What’s more exciting: running a marathon or watching one? You can’t do both at the same time. But you should do at least one or the other once in your life. I’ve done the former four times, and now, the latter once. Here, I provide my awestruck impressions of watching the fastest people in the world running within 10 feet of me yesterday morning.
First of all, it was a total pain in the ass to get to the Bronx yesterday. I did it the wrong way, taking a train to Fordham and then walking about a half mile along Fordham Rd to the 4 line. That took forever to arrive and then I discovered that it doesn’t stop at 138th St, where I wanted to be. So I had to get off at 149th, walk into the bowels of the subway system to catch the local 5 train and endure another 15 minute wait in a rat- and cockroach-infested dungeon. I found myself wondering if it was all worth it.
Here’s the right way to get there from Westchester: Take the train to 125th St, walk two blocks, then hop on the 6 line north for one stop to 138th St and 3rd Ave in the Bronx.
I arrived at about 10:30 and milled around for 20 minutes, carefully setting up my camera to take poor quality pictures. I planted myself on 138th, just east of 3rd Ave (and just after the 20 mile mark), before a water table, thinking perhaps they’d slow a bit at that spot.
This little area was not the “dead zone” in terms of spectators I’d expected. There was a crowd on 3rd Ave and a band, and a few pockets of people to the west. But it wasn’t like the scene on 125th St in Harlem, where I went and hung out after I’d seen all the elites go by.
Here I will admit that I suck as a photographer. I may have learned never to experiment with new shoes or fueling strategies for the marathon, but I threw caution to the wind yesterday and experimented with the camera that I don’t know how to use properly. I tried the “burst” mode, which I thought would take a series of full sized shots of each runner in motion. Instead, I got a series of postage stamp sized shots. All of my runners are tiny.
So, I’m not going to embarrass myself further by uploading tiny photos. Especially when there’s a perfectly good series right here. Since I have no intention of running this race in the near future, I’ll go watch again next year and I’ll learn to use my camera properly by then.
The elite women
The excitement builds in the minutes before the first runners arrive. Someone barked “Ten minutes!” into a bullhorn at 10:50. Then, at 10:55, a new update: “Radcliffe first, Petrova second, Goucher third.” A few minutes later, we saw and heard the helicopter, followed by the roar of police motorcycles. They came around the corner and there was so much noise and activity that the two runners (Radcliffe and Petrova) were lost in the mayhem around them. The motorcycles and camera truck passed and suddenly it seemed very quiet.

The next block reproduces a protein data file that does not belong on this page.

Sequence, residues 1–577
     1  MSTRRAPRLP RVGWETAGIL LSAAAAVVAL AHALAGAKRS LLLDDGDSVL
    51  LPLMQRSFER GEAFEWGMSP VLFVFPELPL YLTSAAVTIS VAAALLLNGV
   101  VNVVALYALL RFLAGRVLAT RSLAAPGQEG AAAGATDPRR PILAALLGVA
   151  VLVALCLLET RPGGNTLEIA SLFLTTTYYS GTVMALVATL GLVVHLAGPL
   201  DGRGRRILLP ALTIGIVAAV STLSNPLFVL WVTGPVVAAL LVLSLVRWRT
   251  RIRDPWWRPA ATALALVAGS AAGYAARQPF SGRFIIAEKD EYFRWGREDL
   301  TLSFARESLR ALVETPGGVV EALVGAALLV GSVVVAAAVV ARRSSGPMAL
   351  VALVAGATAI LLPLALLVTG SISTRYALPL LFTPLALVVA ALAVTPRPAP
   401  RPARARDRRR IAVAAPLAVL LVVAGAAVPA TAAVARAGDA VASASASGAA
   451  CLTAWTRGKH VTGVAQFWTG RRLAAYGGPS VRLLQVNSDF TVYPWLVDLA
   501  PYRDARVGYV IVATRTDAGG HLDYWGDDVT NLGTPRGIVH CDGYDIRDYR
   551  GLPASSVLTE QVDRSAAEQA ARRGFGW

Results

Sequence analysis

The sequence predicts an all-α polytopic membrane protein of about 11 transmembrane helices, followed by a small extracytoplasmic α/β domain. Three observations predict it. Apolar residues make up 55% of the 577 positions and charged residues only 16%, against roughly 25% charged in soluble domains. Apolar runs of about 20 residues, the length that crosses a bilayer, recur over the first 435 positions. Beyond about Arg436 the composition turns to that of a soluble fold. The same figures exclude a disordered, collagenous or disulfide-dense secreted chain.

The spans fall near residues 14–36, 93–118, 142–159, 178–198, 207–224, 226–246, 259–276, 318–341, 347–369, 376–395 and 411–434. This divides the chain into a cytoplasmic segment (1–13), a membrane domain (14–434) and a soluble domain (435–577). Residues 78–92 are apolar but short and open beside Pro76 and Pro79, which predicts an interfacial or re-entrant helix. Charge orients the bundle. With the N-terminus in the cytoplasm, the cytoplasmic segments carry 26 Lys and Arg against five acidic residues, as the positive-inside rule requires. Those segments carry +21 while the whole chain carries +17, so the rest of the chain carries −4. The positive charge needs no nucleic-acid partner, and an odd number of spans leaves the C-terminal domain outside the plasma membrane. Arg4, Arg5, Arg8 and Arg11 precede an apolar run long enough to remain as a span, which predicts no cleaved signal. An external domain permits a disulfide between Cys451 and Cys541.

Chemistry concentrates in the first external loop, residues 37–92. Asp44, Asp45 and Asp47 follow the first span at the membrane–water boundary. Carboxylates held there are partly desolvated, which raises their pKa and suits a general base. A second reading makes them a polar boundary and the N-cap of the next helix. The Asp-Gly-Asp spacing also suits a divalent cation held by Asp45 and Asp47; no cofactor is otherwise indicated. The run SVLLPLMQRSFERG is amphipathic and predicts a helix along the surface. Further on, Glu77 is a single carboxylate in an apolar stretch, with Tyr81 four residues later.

The two women passed by me and I was struck by the fact that I could actually hear them breathing. Radcliffe, although only 5’8″, seems much larger in person. And she runs like a fucking machine. Petrova was hanging off her shoulder, looking like a little bobbing tugboat, but a tenacious one. One look at Paula and you knew she was going to win. Goucher came through about 15 seconds later, also looking larger than life, and wearing a facial expression that was, paradoxically, both relaxed and determined.
Incidentally, Petrova, 40, broke Priscilla Welch’s 1987 masters world record for the marathon yesterday by over a minute, with a finishing time of 2:25:43. I don’t think this was mentioned once in the televised coverage, which was too bad.
Tune came through shortly thereafter, followed by Wami (who is one of the most light-on-her-feet runners I’ve ever seen, and tiny). I was expecting Catherine “The Great” Ndereba next, but instead saw Jeptoo. Then a few others: Simon, McGregor and Morgunova. Then a big pause and the last few women who I would recognize came through: Lewy-Boulet, Scotswoman Hayley Haining (who is built like a tank; I wonder if that’s what I look like under my 24% body fat) and 19-year-old newcomer Ilsa Paulson, who is a tiny little wisp of a woman. I was disappointed to not see Kim Smith of New Zealand; it appears she dropped out just after the 30K mark.
The elite men
With the second-tier elite women straggling in one by one, the excitement began to build anew: In a few minutes, the elite men would start coming through. Once again, you could tell when the moment was near, with the arrival of a helicopter and phalanx of cops on bikes.
I was rooting for the Brazilian, Gomes Dos Santos, to win — and here he was in the lead! Goumri was right on his heels and looking very strong. Next up: Bouramdane, Tergat, Rono, Kirui, Macharia. And, finally, some Americas: Abdi, Rohatinsky, Lemkuhle. After that, I stopped recognizing people, with one exception: I saw James Carney, who looked awful. He was jogging along, looking slightly bewildered. He turned and asked another runner, who was passing, a question, and I thought, “He’s about to drop out.” When I got home and watched the coverage, I could see what happened: He went nuts and led the pack from the start, running like a rocket straight into a head wind for the first half mile or so.
Some familiar faces
Just a few: Takashi Ogawa, a friendly age group rival of Jonathan’s, was powering his way through to a 2:50 finish. He looked good when I saw him. A few minutes behind him, I spotted Zola Budd. She is no longer the barefooted rail that she was during her cross-country and track days. Perhaps 20 pounds heavier, she still managed to break three hours in her first marathon yesterday. Finally, after I switched positions to go watch the throngs in Harlem, I saw fellow running blogger Pigtails Flying (who I have not met, but who sent me a picture so I could look for her). She also ran a huge PR yesterday (42 minutes!), breaking 3:55. Go Pigtails!
*In honor of Paula Radcliffe, maybe I should say “kerb.”